The common cold is a viral or bacterial infection that causes your body to respond in various ways. These normal bodily processes can affect the results of certain blood tests. Depending on what your doctor hopes to evaluate, your cell counts can change during a cold. This makes it essential to talk with your doctor or the health practitioner administering the test about your cold to find out if you need to postpone your blood work until after you recover. If you need to book blood work, book an appointment today to have this blood work performed from the comfort of your home. And find out below does a cold affect blood tests.
Why Do I Need a Blood Test?
Doctors can order blood tests for a variety of reasons. These include numerous diagnostic procedures based on your symptoms or family history but also routine work done once a year to check the status of your body’s major functions.
What Can Affect Blood Test’s Results?
Infections are not the only thing that can impact the results of a blood test. Any blood test that requires fasting is affected by your body’s metabolic processes, which is why your doctor will order a period of fasting, usually for 8-12 hours before the test. Despite being banned from eating, not drinking enough can also negatively impact your blood test by causing an imbalance of potassium, leading to inaccurate results if that’s one of the things that is being tested.
In addition to food, caffeine could impact certain tests, as could alcohol, which affects your blood sugar in response to activating liver enzymes. Smoking can increase your blood sugar too, as well as hormones like cortisol and lipids like triglycerides, measured during a lipid panel (also known as a cholesterol test).
Medications that you take, like antibiotics, NSAIDs like acetaminophen, steroids, or antidepressants, can impact certain blood levels. Even physical exercise can affect your body’s hormone and glucose levels for hours afterward, leading to inaccurate results.
Knowing this, it should come as no surprise that a cold, which activates inflammatory processes throughout your body, can impact certain blood tests.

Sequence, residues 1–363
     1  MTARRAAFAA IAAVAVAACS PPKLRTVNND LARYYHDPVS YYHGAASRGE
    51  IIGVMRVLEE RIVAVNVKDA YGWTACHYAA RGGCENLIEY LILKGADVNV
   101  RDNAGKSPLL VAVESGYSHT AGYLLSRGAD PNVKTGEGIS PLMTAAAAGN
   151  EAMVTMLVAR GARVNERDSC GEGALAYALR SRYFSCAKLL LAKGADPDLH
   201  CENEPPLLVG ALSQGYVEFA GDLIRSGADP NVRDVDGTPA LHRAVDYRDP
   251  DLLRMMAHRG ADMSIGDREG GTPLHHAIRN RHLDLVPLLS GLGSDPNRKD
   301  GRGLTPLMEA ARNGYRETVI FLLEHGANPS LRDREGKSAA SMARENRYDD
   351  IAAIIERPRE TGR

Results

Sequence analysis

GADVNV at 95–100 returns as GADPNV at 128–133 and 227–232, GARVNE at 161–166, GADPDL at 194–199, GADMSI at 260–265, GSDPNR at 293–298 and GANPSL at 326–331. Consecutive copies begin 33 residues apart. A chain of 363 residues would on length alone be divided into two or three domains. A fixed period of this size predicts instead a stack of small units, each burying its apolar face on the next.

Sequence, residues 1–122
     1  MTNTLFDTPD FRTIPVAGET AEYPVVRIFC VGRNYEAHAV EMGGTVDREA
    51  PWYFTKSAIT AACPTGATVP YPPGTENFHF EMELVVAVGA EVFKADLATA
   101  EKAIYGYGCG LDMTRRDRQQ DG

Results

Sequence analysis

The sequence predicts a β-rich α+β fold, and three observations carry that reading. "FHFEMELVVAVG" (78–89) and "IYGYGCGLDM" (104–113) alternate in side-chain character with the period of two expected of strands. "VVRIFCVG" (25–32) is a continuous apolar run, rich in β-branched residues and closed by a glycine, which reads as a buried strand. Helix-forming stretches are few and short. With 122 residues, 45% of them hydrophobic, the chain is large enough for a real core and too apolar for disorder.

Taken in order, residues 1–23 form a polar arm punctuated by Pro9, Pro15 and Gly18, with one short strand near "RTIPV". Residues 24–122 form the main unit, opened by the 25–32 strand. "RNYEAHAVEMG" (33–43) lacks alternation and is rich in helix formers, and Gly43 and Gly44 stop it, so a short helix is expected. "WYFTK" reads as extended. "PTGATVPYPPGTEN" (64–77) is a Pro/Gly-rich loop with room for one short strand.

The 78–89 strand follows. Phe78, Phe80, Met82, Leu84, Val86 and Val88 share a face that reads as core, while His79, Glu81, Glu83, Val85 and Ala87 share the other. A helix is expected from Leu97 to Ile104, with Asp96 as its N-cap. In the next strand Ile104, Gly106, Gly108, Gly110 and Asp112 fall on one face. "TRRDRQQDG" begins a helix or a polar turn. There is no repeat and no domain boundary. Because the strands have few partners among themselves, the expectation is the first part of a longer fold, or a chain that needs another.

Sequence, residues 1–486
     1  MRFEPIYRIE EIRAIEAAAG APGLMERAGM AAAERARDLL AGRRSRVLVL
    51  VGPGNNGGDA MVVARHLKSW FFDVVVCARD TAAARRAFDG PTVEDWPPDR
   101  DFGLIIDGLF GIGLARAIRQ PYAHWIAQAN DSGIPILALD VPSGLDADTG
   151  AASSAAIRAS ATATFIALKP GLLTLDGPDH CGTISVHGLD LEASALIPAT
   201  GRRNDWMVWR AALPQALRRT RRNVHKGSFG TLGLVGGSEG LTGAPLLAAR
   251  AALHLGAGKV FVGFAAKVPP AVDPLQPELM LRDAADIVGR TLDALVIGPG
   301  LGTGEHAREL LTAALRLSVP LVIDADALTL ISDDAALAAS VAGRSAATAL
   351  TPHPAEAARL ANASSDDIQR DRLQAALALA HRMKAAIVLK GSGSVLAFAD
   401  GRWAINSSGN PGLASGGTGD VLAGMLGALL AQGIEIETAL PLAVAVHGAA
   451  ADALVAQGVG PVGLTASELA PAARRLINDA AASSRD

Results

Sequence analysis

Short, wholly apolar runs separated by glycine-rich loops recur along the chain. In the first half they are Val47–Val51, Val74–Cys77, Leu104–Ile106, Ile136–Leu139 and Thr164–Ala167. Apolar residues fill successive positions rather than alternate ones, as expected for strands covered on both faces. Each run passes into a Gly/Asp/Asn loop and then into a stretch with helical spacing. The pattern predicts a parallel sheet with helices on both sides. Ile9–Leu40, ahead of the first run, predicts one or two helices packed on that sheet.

How Does a Cold Affect a Blood Test?
A CBC or complete blood count measures many aspects of your blood. They include:
- White blood cells
- Red blood cells
A CBC is often ordered as routine bloodwork to measure your baseline levels for these essential blood components. However, it may also be ordered to diagnose disorders of the blood like anemia or those that reveal themselves in blood markers such as leukemia. This is the main blood test that can be affected by a cold. The reason is that in response to a cold, your body produces high levels of neutrophils and low levels of lymphocytes. Both of these can affect the numbers measured by a CBC.
Neutrophils are the white blood cells that the body uses to fight infection, whether caused by viruses or bacteria. These levels will naturally increase while your body fights a cold, at different levels depending on how long you’ve had it. Since your doctor has no way of knowing precisely how these levels change in your body in response to your sickness, they will have no idea what your true blood counts really are.
Lymphocytes are another type of white blood cell designed to prevent infections rather than fight those you already have. Their levels will be naturally low during a cold, which will also change your CBC results.
What Can I Do About a Cold?
If you have a cold and you have a blood test coming up, you may need to reschedule. Colds typically last 7-10 days and are worst during the middle 3-4 days. While you have a cold, you can expedite your recovery with a few easy steps:
- Moisturize your air
- Use OTC remedies
- Eat an anti-inflammatory diet
- Take warm baths
These steps may make you feel better, but they may not be enough to recover from your cold in time for your blood test. You will likely need to reschedule to ensure that the results are accurate.
A blood test like a CBC measures important blood chemistry that your doctor will use to diagnose certain conditions and manage your long-term care. Having a cold increases and decreases the levels of certain cells, which means that a blood test too close to your infection can impact your results.
Just as you wouldn’t eat before a test that requires fasting, you shouldn’t have a cold during a test that requires your blood counts to be measurable at their baseline. Speak with your doctor about whether your scheduled tests will be impacted by a cold and take their advice to avoid having to repeat the test.
Speedy Sticks is a mobile concierge phlebotomy service that provides at-home blood draws and on-site diagnostic/health screenings for businesses and individuals. These include blood tests, which can be performed by one of our specialists. Book an appointment today to complete your exam.
*This content is for informational purposes only and is not meant to replace consulting with a healthcare professional. Please consult with your primary care physician or healthcare provider before engaging in any services offered by Speedy Sticks.
**These are approximations, and experts disagree on some values. Consult your healthcare provider for recommendations suitable for you. It is also important to ensure the levels are given in the same measurements, such as mg/dL, etc.